Figure 2 shows a cartoon of S106 with its known features and those observed to date. The two lobes of the H II region are inclined with respect to a vertical north–south axis. In addition, the northern (southern) lobe is tilted away from (towards) the observer (Solf & Carsenty 1982). A large portion of the front part of the southern cavity facing the observer has been eroded so that the backside of the cavity is visible in the optical and IR. The northern lobe is obscured byforeground gas and dust. The strongest nebular emission in the optical and near-IR arises from the shell-like structures that represent the ionization front and from the limb-brightened edges of the cavity walls. High-velocity emission of the [C II] 158 μm fine structure line and high-J CO lines (Simon et al. 2012) was interpreted as arising from swept-up material at the front and back sides of the expanding wind-driven cavity.

Another prominent feature related to S106 is a dark lane dividing the two lobes (indicated in dark blue in the cartoon) and lying apparently in front of S106 IR. It was initially interpreted as the shadow of a large-scale disk (Bally et al. 1983; Bieging 1984), but dust continuum observations (Vallée & Fiege 2005; Motte et al. 2007; Simon et al. 2012; Adams et al. 2015) revealed it to be an elongated high column-density feature associated with the extended molecular cloud (Schneider et al. 2007). Dust observations also show strong emission ≈15″ west of S106 IR, coinciding with two clusters of H2O masers (Stutzki et al. 1982; Furuya et al. 1999). The dust peak was named S106 FIR by Richer et al. (1993), and interpreted as a Class 0 young stellar object (YSO). The molecular gas close to S106 IR is highly clumped (Schneider et al. 2002) and a number of authors interpreted their observations of ionic and fine-structure lines (van den Ancker et al. 2000; Schneider et al. 2003; Simon et al. 2012; Stock et al. 2015) as arising fromphotodissociation regions (PDRs) on the surfaces of these individual clumps around S106 IR. However, most of the studies of the FIR fine-structure cooling lines of S106 were hampered because only line integrated fluxes were observed and used for PDR modelling. Here we take a different approach in that we benefit from the unprecedented velocity resolution of the German REceiver for Astronomy at Terahertz frequencies (GREAT) on board the Stratospheric Observatory for Far-Infrared Astronomy (SOFIA), and apply PDR modelling to line ratios in different velocity ranges so that we can determine more precisely the density and radiation field in individual portions of the gas.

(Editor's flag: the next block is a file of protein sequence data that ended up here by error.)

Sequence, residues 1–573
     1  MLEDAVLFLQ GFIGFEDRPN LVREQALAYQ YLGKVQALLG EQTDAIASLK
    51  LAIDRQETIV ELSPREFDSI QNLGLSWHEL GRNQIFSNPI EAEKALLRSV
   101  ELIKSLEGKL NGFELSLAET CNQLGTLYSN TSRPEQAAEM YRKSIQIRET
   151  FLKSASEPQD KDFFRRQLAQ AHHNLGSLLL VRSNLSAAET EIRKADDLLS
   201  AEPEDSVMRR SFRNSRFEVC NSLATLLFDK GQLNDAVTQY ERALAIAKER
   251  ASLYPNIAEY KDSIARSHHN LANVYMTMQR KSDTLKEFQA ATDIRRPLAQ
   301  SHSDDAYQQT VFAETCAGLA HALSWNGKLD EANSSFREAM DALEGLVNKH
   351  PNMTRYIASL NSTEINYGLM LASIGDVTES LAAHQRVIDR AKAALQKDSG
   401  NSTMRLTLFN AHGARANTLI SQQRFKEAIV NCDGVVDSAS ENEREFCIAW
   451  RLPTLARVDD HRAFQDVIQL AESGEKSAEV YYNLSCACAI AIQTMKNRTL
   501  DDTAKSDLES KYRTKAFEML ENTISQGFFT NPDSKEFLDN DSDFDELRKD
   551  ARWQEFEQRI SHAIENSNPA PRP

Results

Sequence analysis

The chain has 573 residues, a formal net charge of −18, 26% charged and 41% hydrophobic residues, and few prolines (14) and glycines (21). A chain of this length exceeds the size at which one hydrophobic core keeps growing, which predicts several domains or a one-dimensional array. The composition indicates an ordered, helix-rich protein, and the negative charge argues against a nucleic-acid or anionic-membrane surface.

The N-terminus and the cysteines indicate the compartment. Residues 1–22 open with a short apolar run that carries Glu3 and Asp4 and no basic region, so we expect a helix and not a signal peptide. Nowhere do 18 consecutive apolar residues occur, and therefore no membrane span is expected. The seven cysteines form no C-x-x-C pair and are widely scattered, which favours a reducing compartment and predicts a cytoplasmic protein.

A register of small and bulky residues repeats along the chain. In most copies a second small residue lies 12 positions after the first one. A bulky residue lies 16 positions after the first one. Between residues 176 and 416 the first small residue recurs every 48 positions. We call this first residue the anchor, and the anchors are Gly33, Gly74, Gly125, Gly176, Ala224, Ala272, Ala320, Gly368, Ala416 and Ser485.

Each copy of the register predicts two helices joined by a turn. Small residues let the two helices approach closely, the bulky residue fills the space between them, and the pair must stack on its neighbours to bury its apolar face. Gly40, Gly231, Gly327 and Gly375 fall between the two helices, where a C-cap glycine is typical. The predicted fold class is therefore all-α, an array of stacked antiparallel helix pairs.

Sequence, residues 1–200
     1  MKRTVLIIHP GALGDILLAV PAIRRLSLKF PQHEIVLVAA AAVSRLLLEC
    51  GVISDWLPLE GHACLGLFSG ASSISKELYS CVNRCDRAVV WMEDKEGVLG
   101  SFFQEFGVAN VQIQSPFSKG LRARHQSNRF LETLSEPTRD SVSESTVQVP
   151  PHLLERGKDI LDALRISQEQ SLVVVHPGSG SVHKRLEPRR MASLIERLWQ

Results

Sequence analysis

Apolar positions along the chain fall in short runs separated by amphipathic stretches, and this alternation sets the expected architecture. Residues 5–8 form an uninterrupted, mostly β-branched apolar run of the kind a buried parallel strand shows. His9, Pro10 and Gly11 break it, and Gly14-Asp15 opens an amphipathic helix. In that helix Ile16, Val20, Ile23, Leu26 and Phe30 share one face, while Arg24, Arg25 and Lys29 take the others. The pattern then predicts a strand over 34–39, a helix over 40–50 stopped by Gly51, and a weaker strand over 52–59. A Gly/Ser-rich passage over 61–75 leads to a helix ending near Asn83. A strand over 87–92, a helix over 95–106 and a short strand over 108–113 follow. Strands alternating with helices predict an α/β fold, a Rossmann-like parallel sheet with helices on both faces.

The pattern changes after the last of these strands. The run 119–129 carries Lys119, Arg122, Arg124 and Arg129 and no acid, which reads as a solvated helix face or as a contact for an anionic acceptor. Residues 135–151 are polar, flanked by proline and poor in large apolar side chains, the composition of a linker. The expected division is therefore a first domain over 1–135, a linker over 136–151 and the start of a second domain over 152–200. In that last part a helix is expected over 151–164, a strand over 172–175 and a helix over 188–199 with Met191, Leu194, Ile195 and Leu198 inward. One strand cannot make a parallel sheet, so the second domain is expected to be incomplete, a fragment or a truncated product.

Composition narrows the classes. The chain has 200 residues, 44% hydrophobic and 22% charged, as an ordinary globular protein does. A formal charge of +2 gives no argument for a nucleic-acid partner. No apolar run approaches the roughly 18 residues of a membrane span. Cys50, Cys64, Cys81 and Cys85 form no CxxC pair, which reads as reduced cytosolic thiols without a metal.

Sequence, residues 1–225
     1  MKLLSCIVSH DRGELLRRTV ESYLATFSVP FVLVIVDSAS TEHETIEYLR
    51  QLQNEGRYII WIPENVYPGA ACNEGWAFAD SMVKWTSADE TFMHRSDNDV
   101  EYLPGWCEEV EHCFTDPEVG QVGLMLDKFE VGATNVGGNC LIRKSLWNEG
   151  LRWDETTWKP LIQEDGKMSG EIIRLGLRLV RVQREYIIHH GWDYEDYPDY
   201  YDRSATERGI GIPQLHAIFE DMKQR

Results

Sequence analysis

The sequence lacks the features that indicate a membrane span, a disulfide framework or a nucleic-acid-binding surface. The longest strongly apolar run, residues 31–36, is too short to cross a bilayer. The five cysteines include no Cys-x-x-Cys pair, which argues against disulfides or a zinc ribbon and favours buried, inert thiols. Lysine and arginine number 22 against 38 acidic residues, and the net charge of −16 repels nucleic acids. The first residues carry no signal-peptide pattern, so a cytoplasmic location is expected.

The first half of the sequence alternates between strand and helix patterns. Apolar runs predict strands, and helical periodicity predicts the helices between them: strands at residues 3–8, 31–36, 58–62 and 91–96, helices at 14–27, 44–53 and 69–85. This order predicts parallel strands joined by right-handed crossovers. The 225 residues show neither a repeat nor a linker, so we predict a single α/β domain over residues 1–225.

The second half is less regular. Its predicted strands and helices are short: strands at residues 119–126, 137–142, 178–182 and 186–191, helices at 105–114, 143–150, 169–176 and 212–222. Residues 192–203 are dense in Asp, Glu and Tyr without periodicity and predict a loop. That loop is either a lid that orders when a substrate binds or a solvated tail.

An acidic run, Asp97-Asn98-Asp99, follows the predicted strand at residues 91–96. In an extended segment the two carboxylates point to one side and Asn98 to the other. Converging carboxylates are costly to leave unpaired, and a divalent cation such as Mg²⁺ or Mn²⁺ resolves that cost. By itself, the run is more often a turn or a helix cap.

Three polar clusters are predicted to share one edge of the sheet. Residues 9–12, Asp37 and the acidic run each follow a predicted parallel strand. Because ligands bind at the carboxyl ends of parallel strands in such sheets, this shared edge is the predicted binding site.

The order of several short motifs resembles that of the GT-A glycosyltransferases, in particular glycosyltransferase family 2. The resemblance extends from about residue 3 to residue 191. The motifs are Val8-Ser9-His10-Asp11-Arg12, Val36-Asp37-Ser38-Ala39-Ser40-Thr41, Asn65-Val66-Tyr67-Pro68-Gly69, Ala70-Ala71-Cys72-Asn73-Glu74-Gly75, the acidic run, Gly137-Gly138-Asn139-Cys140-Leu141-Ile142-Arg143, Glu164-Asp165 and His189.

In addition to getting a better understanding of the nature of the S106 star-forming complex itself, one of the objectives of this paper is putting our results into a larger context of how massive stars form and evolve. The paper is structured as follows. Section 2 gives observational details and Sect. 3 outlines how we realize the PDR modelling. In Sect. 4, we present maps of the observed lines and give results of PDR modelling. In Sect. 5, we develop a physical model of the S106 region and put the findings into a larger context of massive star formation. Section 6 summarizes the results of the paper.